Illegal Downloads Made 'Man From Earth' a Hit; Now What to Do for an Encore?
File-sharing sites frequently mean the death of a movie -- but for director Richard Schenkman, they became the dream distribution model.
Is all illegal downloading bad for business? Perhaps, on paper. But it's the major reason director Richard Schenkman and producer Eric D. Wilkinson are readying a sequel to their 2007 film The Man From Earth — one of the few “viral” feature films.
Tuesday, Schenkman and Wilkinson launched a Kickstarter campaign for Man From Earth: Millennium, which follows the original film's lead character, John Oldman (David Lee Smith), a Cro-Magnon who managed to survive 14,000 years. Man From Earth was penned by the late science fiction writer Jerome Bixby, who passed away before the script landed with Schenkman. While it was a difficult decision for Schenkman and Wilkinson to write a sequel without the support of Bixby, fan admiration persuaded them to return to the material.
The hope is to tap the rabid Internet audience that helped Man From Earth spread like wildfire. The film wasn't the easiest sell -- it's overtly theatrical, heavy on conversation and existential pondering. Not the type of sci-fi that “fanboy” audiences go gaga for. After premiering at the 2007 San Diego Comic-Con and making the festival rounds in 2007, Man From Earth quietly settled onto DVD later that year. Or, at least, that's what Anchor Bay anticipated.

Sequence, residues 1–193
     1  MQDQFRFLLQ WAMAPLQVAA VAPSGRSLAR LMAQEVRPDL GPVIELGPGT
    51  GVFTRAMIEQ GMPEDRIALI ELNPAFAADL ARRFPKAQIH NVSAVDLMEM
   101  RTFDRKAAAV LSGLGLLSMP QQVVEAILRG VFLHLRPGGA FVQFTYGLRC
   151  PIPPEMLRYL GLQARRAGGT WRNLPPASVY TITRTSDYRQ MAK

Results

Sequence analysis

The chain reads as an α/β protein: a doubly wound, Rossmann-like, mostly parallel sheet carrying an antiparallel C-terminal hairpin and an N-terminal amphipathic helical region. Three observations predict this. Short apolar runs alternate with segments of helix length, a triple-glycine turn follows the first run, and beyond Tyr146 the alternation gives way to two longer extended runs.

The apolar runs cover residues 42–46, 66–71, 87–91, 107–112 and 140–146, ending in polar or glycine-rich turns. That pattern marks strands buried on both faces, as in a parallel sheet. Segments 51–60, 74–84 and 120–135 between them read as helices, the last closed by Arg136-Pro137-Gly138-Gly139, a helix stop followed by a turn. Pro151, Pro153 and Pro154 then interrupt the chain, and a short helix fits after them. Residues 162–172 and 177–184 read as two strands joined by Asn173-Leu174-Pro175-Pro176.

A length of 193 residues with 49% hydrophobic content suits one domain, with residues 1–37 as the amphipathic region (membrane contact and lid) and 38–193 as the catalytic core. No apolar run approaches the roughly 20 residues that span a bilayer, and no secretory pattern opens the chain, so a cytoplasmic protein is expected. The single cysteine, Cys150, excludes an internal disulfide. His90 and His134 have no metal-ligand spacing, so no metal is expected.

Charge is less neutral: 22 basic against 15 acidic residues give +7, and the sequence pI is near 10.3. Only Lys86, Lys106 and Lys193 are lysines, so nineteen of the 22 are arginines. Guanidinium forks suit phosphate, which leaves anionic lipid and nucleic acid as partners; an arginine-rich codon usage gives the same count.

Instead, Man From Earth became a BitTorrent blockbuster. According to Wilkinson, someone got their hands on a screener of the film days before the DVD release, and with a press of a button the film was being downloaded on file-sharing sites across the Internet.
“To be clear, they weren't paying for it,” Schenkman explains in the Kickstarter video. “But they were downloading it, watching it, sharing it with their friends, and posting online about it. Even on IMDb.” In one week, Man From Earth jumped 7,700 percent on IMDb's MOVIEmeter, a statistic that tracks activity on a film's page, becoming the most searched sci-fi movie on the site. Both filmmakers cite the illegal traction as having a positive impact on legal sales of the film.
With a crowdsourcing campaign, Schenkman and Wilkinson hope to tap into that same fervor. “The simple truth is that if only a tiny fraction of the people who illegally downloaded Jerome Bixby's The Man From Earth donated $5 to this campaign, we'd be funded several times over!” they state on the site.
If the duo raise the $175,000, their hope is to shoot the film in January 2014 with a release date planned for later that year. Which means you can expect it on file-sharing sites a few weeks before then.